The Book That Changed My Life

The first time I read To Kill a Mockingbird, I was much too young for its themes. I read it and connected to Scout as a young girl. But this book grabbed my attention and I kept reading. In high school, I reread it and dug into the injustice. As a new teacher, I reread it and connected to Miss Caroline, the teacher who was trying her hardest. I made Frank read it when we found out we were pregnant with Bea, telling him that Atticus is a model of understanding fathering.

220px-To_Kill_a_MockingbirdI know there are flaws in the book and perhaps it shouldn’t be a standard in curriculums of formative literature. I know I’ve romanticized Scout’s feisty spirit and Atticus’s noble role in his community. The fact that such an iconic book on race is written by a white woman is problematic.

However, sometimes we need to see ourselves in order to join a conversation. As a ten-year-old, I just wasn’t ready to jump into deep conversations of racial injustice. I needed some hand-holding and connection to my own life, even if it was simply the fact that the protagonist was also a young white girl.

Because of To Kill a Mockingbird, I learned to grapple with the uncomfortable issues of race and justice. I learned to question the status quo in my own experience. Because of To Kill a Mockingbird, I’ve graduated to books on racism written by people of color who know what they are writing about.

Some books are important stepping stones to our awakening. Should everyone read To Kill a Mockingbird? No. It’s not for everyone. But I hope that my own girls read it and are transformed by it. I hope they continue to read it and grapple with the issues presented. And I hope they move on to other books that deepen their understanding of injustice and systemic racism.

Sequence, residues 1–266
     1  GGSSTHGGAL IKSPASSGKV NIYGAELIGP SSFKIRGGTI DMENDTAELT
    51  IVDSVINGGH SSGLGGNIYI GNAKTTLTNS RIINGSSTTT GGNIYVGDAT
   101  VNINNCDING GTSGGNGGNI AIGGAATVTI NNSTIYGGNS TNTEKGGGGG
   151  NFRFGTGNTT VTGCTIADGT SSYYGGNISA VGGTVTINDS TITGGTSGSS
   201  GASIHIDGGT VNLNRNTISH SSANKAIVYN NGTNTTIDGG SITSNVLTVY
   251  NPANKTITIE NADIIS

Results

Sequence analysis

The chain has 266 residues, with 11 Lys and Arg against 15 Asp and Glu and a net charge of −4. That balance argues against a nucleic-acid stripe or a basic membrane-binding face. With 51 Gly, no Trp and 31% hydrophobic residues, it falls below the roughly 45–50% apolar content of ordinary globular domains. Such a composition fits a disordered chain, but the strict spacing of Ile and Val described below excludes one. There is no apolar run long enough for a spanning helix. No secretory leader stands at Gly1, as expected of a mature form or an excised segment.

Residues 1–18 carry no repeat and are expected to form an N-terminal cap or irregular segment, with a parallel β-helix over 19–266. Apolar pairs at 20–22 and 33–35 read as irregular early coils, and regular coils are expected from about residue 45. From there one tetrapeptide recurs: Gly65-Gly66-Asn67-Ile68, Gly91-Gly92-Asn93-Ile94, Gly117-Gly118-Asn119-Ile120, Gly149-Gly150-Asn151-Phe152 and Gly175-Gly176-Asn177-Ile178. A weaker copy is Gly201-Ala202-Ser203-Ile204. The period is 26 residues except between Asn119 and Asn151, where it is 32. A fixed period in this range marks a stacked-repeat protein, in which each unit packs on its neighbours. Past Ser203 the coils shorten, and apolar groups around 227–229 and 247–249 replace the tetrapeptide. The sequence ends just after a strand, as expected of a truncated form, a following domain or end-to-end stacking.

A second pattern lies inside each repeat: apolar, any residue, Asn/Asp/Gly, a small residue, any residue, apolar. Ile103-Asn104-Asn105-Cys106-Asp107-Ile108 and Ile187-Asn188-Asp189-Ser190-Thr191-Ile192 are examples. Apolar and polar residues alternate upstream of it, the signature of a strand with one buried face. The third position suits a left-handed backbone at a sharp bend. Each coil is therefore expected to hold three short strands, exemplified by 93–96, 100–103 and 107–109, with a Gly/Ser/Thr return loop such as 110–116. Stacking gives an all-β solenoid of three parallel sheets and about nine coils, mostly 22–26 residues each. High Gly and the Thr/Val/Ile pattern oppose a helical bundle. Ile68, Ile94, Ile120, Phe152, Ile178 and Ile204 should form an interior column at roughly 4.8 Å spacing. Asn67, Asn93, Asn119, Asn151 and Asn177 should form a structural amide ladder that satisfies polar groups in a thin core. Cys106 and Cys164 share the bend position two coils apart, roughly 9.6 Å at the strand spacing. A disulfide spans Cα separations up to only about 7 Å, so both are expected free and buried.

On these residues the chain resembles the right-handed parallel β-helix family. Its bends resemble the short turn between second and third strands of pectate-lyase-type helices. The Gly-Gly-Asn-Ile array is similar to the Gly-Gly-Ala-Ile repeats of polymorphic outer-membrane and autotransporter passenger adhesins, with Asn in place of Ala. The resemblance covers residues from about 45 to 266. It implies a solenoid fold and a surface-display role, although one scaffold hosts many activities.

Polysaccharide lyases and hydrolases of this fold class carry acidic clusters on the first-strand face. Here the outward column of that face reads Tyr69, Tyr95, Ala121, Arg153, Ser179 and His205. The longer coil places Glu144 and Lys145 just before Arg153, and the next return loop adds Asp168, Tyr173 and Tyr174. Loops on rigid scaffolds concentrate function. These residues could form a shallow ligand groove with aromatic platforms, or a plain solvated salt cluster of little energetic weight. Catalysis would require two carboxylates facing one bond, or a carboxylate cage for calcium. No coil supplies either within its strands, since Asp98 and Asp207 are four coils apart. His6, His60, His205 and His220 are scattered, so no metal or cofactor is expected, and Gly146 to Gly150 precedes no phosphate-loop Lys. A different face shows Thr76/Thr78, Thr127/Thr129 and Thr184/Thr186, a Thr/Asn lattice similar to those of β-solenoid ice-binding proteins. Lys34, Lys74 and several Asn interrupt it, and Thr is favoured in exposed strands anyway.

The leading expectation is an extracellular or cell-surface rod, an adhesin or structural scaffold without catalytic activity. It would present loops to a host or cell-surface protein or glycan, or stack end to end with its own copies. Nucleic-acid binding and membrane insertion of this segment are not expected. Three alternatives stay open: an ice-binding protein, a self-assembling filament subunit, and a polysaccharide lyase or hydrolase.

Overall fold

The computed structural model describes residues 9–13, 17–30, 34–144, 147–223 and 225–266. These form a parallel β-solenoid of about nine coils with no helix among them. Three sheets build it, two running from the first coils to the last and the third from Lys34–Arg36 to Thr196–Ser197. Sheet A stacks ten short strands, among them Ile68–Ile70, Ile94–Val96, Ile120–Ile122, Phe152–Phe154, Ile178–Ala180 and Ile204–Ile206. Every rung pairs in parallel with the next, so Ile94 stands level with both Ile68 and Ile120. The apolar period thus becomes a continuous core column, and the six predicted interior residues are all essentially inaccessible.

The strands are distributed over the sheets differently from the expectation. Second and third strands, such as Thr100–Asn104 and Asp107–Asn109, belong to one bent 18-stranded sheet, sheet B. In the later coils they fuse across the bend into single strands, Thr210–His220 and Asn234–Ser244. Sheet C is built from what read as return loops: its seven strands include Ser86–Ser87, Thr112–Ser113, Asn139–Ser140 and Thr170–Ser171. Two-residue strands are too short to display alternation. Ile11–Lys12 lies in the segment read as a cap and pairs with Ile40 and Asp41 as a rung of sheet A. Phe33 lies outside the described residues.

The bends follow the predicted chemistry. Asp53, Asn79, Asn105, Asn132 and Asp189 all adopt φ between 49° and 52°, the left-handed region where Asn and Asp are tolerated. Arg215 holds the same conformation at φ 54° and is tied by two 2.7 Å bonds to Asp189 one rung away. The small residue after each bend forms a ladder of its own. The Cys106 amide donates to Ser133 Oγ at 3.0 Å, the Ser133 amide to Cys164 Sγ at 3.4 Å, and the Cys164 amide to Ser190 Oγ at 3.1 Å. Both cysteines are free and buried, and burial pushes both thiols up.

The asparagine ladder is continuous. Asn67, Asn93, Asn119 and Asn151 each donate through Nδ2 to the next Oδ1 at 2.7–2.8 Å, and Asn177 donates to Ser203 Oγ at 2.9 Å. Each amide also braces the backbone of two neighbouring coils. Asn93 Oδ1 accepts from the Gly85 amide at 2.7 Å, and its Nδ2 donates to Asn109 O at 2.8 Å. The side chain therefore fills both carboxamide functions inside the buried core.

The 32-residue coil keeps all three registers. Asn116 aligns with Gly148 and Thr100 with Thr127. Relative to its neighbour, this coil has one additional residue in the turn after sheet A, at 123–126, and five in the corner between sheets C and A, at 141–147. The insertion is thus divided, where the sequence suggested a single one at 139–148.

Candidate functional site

I will be forever thankful for the lessons I learned from Harper Lee and for the journey her book set me on. This will always be one of my top favorite, life-changing books for that reason.

What book set you on a trajectory of discovery? Can you think of that pivotal read?

A (1)This post is Day 7 of the Write 31 Days Challenge. You can find the entire series over at my A Literary Life page. Disclosure: Amazon Affiliate links included in this post. If you click through to Amazon, any purchase you make supports this site. 


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Annie Rim

Welcome! I live in Colorado with my family and have taught in the classroom, at an art museum, and now in the playroom. I reflect about life, faith, and books here on my blog.

2 thoughts on “The Book That Changed My Life”

  1. I believe I read this in middle grades. Late middle grades. Not sure when exactly. I recall liking it and it having an impact on me. For me it was one of the first books that triggered a love for social anthropology. I didn’t know that term or what it meant at that age, but later I came to understand my interest laid in that arena in historical context and current events. Social justice, inequality, and understanding how people lived in reality versus mythically framed narratives in rose colored glasses.

    1. I know it’s written for middle-grade readers but I wonder if it’s really appropriate? Yet, so many readers I admire link back to “Mockingbird” being a pivotal book. I suppose sometimes you just have to trust the story…

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